The peculiar characteristics of MLV integration, coupled with the strong transcriptional enhancer activity of the LTR U3 region, explain the high risk of insertional gene activation and genotoxicity observed in pre-clinical , , ,  as well as clinical , , , ,  studies. SIN vectors have been developed to reduce the genotoxic potential of MLV vectors, and have indeed shown a reduced cell immortalization and tumorigenic activity by sensitive pre-clinical assays , , . In this study, we compared the integration preferences of a SIN and a traditional MLV vector in human CD34+ HSPCs, the most used target cell in clinical applications of retroviral transgenesis. By an LM-PCR coupled to pyrosequencing approach we show that the lack of the U3 enhancer/promoter in the LTR has no impact on the integration pattern of MLV in human HSPCs. Indeed, the SIN-MLV integration map reproduced with remarkable precision that of the unmodified MLV, including the association with TSSs, CpG islands, CNCs and representative epigenetic marks of active and highly regulated enhancers and promoters. SIN-MLV and MLV integrations cluster into hot spots at approximately the same frequency, and generate almost overlapping integration maps at the level of highly targeted loci, including the gene involved in most of the severe adverse events observed in clinical trials, i.e., LMO2 , . On the basis of the integration pattern, a SIN-MLV vector therefore maintains the same genotoxic potential of a traditional MLV vector. Insertion of either provirus has a high chance of altering gene regulation by disrupting the physical continuity of enhancers and promoters, and by altering the chromatin configuration induced by the binding of transcription factors and the basal transcriptional machinery (the enhanceosome). This type of effect is not expected to differ between SIN-MLV and MLV vectors. On the contrary, the lack of the two copies of the U3 enhancer may significantly reduce the dominant activity in overcoming gene regulation typical of oncogenic retroviruses in vivo , although studies based on in vitro immortalization of bone marrow-derived cells provided conflicting evidence on this point , . The choice of a cellular, possibly restricted enhancer to drive the internal transgene cassette may therefore overcome the LTR-specific component of the MLV genotoxicity. Indeed, most of the gene deregulation and genotoxic activity of SIN vectors appears to be due to the characteristics of the enhancer driving transgene expression more than by the SIN design per se , , , .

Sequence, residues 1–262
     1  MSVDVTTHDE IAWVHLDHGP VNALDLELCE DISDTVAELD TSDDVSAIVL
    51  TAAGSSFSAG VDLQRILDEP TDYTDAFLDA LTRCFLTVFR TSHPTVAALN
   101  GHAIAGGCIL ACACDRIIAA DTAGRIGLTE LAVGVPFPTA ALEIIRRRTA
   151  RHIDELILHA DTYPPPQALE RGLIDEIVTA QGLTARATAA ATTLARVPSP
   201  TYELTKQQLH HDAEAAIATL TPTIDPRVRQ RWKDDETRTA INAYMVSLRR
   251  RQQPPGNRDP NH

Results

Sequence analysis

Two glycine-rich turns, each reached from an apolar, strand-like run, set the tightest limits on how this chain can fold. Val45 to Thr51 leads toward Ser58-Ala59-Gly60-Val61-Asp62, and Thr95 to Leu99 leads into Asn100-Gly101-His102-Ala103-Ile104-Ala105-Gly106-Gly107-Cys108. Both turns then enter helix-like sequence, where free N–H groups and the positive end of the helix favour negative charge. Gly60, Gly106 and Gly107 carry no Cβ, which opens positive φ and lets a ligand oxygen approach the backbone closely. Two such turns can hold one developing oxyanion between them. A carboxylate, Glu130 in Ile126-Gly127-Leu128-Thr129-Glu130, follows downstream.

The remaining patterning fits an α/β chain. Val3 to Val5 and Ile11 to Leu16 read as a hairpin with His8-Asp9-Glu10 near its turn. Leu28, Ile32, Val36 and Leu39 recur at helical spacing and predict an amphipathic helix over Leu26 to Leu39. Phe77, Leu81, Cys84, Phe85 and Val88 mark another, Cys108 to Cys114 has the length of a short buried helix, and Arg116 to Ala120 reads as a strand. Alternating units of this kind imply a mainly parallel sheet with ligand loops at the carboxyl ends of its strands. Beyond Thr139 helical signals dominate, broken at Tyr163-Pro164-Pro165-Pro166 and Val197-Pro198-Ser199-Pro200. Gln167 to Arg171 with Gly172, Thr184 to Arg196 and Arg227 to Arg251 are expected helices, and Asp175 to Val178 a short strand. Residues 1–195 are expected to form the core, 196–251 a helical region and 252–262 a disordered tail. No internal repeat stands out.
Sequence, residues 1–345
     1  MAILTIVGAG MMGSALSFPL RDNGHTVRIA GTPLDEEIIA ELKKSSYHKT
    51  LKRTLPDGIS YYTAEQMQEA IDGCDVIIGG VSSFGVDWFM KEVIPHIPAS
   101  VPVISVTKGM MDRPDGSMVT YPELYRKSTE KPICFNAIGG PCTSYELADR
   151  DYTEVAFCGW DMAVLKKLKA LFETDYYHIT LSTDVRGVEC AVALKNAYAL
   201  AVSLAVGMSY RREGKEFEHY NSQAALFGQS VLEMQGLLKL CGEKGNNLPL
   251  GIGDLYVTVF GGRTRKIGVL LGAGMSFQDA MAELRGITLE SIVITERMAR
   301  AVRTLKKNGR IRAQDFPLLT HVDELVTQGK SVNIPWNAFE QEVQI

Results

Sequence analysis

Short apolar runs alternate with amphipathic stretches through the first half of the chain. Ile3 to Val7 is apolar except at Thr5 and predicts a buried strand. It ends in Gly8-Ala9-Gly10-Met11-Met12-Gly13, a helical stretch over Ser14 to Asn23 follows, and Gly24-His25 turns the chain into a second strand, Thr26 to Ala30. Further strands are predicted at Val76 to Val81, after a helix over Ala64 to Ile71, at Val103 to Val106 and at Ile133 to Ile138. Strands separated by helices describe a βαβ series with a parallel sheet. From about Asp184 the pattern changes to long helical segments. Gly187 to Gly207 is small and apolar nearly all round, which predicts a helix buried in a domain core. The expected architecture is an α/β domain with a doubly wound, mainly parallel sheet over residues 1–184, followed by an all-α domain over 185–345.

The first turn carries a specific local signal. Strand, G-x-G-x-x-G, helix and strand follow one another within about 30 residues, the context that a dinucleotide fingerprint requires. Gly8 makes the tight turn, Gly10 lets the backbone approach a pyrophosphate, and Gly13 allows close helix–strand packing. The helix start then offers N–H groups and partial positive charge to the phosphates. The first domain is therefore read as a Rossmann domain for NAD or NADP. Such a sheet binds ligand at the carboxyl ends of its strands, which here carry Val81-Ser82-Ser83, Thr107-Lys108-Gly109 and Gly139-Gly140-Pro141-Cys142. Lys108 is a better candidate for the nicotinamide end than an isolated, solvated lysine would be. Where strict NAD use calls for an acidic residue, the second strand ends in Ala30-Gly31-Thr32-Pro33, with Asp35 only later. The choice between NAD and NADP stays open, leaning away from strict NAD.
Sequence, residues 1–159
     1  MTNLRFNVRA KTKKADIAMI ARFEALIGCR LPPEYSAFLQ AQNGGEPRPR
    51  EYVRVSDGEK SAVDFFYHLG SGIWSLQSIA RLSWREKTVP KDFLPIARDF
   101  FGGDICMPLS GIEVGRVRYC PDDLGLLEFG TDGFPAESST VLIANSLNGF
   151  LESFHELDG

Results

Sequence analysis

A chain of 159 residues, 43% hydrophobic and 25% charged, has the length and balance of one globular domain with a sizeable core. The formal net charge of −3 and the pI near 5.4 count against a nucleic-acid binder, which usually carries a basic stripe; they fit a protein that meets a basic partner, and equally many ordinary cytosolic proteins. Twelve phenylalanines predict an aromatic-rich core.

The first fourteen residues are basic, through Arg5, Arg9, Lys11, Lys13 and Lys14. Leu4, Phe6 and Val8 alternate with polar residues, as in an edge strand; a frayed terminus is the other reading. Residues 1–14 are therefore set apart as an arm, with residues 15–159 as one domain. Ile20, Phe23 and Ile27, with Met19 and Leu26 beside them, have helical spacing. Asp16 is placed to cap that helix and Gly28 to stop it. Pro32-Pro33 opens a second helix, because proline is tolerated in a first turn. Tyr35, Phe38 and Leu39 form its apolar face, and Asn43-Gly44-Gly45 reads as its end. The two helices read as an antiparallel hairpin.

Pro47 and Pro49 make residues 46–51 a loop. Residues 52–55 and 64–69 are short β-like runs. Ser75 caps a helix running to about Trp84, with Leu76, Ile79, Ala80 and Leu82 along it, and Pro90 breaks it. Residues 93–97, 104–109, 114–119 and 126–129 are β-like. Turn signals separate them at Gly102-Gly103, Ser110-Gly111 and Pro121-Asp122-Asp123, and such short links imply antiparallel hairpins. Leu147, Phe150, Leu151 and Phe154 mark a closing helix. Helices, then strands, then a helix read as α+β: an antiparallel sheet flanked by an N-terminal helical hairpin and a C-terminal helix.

Genotoxicity of retroviral vectors has many components, including the vector design, the nature of the target cell and the genetic background of the patient, all ultimately affecting the risk of a specific gene therapy approach . Target site selection is just one of these components. Based on current knowledge, SIN lentiviral vectors appear to combine an integration profile that does not target regulatory elements with the lack of strong viral enhancers. SIN-MLV vectors share with SIN lentiviral vectors only the latter component. On the other hand, the lower propensity to integrate within transcribed regions may reduce the recently emerged post-transcriptional component of insertional gene deregulation , , , , , . For SIN-MLV vectors, the designs of the transgene expression cassette, and particularly the choice of its transcriptional regulatory elements, appear to be the most relevant determinants of their biosafety characteristics.